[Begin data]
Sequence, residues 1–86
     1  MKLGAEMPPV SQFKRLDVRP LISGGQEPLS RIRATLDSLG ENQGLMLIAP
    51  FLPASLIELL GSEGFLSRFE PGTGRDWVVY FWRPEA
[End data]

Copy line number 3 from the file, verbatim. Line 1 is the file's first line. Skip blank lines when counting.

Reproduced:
    51  FLPASLIELL GSEGFLSRFE PGTGRDWVVY FWRPEA